And why can't they do this by just giving a level handicap? Or a stats handicap? Comes to the same effect but doesn't leave traps for the new players to fall into.

  • #99
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    Quote Originally Posted by Li Shenron View Post
    Aha... but this sounds like competition again to me. "Your PC is twice as good as mine in combat".
    The difference between competititon and contribution can be this:
    Competition: "Haha, I dealt more damage this round then you did in the last 3!"
    Contribution: "Man, if it wasn't for your Fighters ability to hold the line, that Troll would have surely taken down my Wizard way before he could have finished casting Fireball!" In this fictional example, both characters are contributing and needed -the Wizards Fireball may be needed (or at least is the chosen strategy to deal with the regenerating Troll), but he cannot cast the spell in time without someone holding the line.

    It's more complex IMHO... if the Druid can fight as well as 2 Fighters then the game is still fine IF the combat is arranged so that while the Druid fights his 2orcs then my Fighter fights her own orc, and both players are challenged enough. If that's so, I don't see why I should be worried about playing the Fighter, except of the worry that in a fight me and the Druid make the mistake of engaging the wrong opponents, in case e.g. there's an orc and an ogre and the weaker PC takes on the ogre while the stronger PC mops the floor with the orc in a round.
    Or you need to worry that you always present the Fighter with some weak opponent he can tackle while the real classes deal with the real foes. The Fighter player could still contribute more if he played a Druid instead of his subpar Fighter.


    Well, what I wanted to say is that some group may actually use unbalanced options exactly to balance the best players against the beginners.
    It so far did never really achieve that. The Fighter is the simplest to play so shy or new players tend often to gravitate to it - but it's also the least effective to play.

    And a player with a bad sense of tactics and strategy cannot realy contribute well with either a Wizard or a Fighter. As Wizard, he will use the wrong spells, a sa Fighter, he will likel ycharge in, move into the Wizard's way as he tries to use his best spell, and what not.

    If I am confident that I have mastered the rules and I have beginner players in the group, maybe it is better to take some subpar choices while suggesting the beginners which are the best choices.

    If all choices were equal, the only way to balance the players to contribute equally would be to purposefully downplay my character which is much much less fun.
    But how much fun is it for a player if you constantly suggest his course of action? Doesn't this just make it worse for him, constantly reminding him of his short-comings?

    In the end, it's a social issue at your game table. If you encounter it, you will have to find a way to deal with it. That said - the shy player may not have such a big problem with being mostly i nthe background and contributing less - he probably enjoys other portions of the game. The problm is when a "normal" player wants to play a class and finds that is subpar in most situations and other classes are clearly better. He will be the one dissatisfied.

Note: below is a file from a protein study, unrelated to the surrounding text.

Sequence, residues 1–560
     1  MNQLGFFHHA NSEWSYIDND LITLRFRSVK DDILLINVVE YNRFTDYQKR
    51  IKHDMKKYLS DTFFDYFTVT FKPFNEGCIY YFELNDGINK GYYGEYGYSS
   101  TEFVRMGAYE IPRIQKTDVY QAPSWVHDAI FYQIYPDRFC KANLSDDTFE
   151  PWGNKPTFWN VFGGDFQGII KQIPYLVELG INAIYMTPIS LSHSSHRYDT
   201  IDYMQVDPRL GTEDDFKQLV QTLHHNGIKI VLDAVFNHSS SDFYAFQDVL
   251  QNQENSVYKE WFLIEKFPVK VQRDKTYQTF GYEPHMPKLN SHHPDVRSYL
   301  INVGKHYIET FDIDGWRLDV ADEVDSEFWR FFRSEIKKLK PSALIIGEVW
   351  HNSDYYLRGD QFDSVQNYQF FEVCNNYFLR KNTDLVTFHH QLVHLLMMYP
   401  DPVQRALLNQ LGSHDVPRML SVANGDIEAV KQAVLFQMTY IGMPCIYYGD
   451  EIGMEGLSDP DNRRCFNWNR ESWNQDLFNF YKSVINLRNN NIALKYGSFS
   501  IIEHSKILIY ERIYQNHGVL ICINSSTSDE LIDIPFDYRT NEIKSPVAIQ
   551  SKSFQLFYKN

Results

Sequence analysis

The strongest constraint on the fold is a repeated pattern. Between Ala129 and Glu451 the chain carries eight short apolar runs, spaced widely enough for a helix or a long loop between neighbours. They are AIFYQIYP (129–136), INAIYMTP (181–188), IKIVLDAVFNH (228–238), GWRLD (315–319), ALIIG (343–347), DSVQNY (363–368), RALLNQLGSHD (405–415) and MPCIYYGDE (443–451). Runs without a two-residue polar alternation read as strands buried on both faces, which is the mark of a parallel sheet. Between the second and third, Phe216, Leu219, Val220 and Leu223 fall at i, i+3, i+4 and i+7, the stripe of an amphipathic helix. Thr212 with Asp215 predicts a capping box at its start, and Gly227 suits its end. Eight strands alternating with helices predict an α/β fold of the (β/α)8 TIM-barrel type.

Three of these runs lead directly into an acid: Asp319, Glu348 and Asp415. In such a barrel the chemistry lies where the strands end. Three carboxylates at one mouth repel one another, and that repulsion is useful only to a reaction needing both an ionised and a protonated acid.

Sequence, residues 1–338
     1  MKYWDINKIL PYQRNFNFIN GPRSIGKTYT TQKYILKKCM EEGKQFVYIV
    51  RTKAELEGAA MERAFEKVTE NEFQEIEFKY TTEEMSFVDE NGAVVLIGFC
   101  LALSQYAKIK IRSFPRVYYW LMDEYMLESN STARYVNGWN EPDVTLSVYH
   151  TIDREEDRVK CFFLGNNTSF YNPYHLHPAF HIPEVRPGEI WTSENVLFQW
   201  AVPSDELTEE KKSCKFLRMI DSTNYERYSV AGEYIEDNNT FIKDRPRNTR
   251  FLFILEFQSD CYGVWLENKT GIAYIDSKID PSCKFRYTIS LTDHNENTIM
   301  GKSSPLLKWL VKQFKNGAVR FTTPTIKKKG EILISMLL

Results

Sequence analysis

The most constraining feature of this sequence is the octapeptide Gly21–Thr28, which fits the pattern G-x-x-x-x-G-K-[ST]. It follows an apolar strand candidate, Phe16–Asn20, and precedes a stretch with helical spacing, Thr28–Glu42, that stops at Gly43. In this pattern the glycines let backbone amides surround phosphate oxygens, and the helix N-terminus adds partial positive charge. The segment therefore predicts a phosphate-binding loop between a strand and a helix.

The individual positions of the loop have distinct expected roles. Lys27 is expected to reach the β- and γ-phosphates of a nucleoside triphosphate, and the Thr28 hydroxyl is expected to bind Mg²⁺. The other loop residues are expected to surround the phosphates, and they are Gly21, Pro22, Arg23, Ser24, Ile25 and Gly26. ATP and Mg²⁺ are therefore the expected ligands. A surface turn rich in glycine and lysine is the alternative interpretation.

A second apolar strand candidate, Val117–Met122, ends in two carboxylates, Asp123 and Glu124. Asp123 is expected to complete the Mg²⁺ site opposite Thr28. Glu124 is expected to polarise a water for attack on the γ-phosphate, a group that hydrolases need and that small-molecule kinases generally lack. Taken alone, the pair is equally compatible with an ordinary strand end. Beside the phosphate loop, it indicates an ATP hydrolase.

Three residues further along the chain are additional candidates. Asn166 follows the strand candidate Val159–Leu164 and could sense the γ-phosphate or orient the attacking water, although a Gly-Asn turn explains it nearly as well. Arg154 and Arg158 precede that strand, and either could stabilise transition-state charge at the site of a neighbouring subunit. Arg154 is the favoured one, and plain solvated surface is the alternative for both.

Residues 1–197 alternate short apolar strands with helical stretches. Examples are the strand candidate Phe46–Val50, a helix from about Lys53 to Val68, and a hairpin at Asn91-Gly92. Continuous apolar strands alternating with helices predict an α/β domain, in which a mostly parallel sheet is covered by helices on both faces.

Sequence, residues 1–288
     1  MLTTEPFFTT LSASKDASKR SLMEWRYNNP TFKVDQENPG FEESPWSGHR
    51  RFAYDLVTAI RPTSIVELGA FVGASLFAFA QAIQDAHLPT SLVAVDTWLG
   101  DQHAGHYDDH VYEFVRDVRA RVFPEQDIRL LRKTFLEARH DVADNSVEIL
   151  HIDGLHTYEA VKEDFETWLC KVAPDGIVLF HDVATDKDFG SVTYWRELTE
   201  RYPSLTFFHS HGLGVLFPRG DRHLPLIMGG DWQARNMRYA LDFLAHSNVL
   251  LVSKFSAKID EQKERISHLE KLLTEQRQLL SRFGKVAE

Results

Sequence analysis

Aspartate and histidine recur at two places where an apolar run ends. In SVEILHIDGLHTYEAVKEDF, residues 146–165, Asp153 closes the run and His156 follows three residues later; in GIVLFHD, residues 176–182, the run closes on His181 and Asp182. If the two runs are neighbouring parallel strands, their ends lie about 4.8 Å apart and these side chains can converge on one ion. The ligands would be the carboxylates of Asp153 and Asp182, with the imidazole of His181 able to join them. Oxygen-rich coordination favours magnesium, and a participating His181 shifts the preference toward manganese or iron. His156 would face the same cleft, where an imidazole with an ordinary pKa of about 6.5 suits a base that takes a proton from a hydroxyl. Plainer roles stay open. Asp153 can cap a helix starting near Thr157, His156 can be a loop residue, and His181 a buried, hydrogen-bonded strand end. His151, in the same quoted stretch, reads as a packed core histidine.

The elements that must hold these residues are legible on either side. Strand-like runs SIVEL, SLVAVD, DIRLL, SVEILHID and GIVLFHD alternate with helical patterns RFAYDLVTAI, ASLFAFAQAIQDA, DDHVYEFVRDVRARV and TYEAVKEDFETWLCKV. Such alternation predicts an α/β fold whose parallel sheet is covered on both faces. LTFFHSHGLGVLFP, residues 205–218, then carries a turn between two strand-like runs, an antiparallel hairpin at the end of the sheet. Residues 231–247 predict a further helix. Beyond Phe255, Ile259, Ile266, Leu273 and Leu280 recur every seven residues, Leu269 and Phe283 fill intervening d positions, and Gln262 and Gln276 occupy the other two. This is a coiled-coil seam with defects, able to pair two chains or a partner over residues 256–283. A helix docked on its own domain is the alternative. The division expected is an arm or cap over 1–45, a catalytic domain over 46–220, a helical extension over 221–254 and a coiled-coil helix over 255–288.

And so, your best guess is to have balanced classes. If you need mechanical aids to help one player in his contributions, it's easier to houserule something for him (or fudge the dice, or whatever else you like to do), then try creating balance in a system that's already unbalanced.
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    Why does this issue get so entrenched? I see balance as a good thing to aim for. Perfect balance is never going to be achieved especially if we have significant mechanical diversity between classes. Is it so bad that the some classses are better some of the time?

    Mearls comment that the game is going to be baalanced around a certain length of day is surely just warning us. If we know that we will need to help mages in longer days & fighters in shorter ones. (The fact that it is a dumb period of time to balance around is another issue).

    Similarly noone wants all characters to be exactly the same regardless of class so why does this straw man keep popping up? 4e characters share a power structure but work really differently.
    In a related area Summoner Wars is very balanced game where you play preconstructed dacks against one another each deck has 3 heroes 12 events & 18 Minion cards. They manage to play very very differently from one another - identical structure does not determine identical play. (Summoner Wars is very well designed being extremely simple, balanced & characterful. Shame about the name & the presentation.)

    Noone surely would object to being 80% as effective as another player character 50% of the time & 125% the rest (or even 150% for a quarter of the time) It is when we get out of this sort of broad equivalency that balance becomes an issue.

    At the limits overbalance & under balance both reduce diversity as if the balance is too heavy handedly symetrical then the choices do not feel like differences. At the other extreme with no balance only the best choices are true choices.

    (This is restating what has cropped up before in this thread. It reminds me of my teen Moorcock inspired disucussions about absolute Law & absolute Chaos. Our conclusion was that they appear indistunguishable as one is permanently homogenous & the other changes so rapidly it appears the same)



    Ayway I would like the game to be as balanced as possible while retaining a strong sense of diversity.




    If it's not I will just netdeck & play the OP crap anyhow.